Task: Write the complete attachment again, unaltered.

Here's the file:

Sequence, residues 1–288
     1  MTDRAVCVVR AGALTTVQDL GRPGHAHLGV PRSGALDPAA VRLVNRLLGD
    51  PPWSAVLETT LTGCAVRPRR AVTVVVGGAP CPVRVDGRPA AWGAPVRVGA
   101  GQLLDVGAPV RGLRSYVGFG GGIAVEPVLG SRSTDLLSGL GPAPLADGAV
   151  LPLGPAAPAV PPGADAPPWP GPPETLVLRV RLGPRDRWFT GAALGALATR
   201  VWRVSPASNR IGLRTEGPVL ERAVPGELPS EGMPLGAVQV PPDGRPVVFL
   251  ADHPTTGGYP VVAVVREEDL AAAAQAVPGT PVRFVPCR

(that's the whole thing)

Sequence, residues 1–288
     1  MTDRAVCVVR AGALTTVQDL GRPGHAHLGV PRSGALDPAA VRLVNRLLGD
    51  PPWSAVLETT LTGCAVRPRR AVTVVVGGAP CPVRVDGRPA AWGAPVRVGA
   101  GQLLDVGAPV RGLRSYVGFG GGIAVEPVLG SRSTDLLSGL GPAPLADGAV
   151  LPLGPAAPAV PPGADAPPWP GPPETLVLRV RLGPRDRWFT GAALGALATR
   201  VWRVSPASNR IGLRTEGPVL ERAVPGELPS EGMPLGAVQV PPDGRPVVFL
   251  ADHPTTGGYP VVAVVREEDL AAAAQAVPGT PVRFVPCR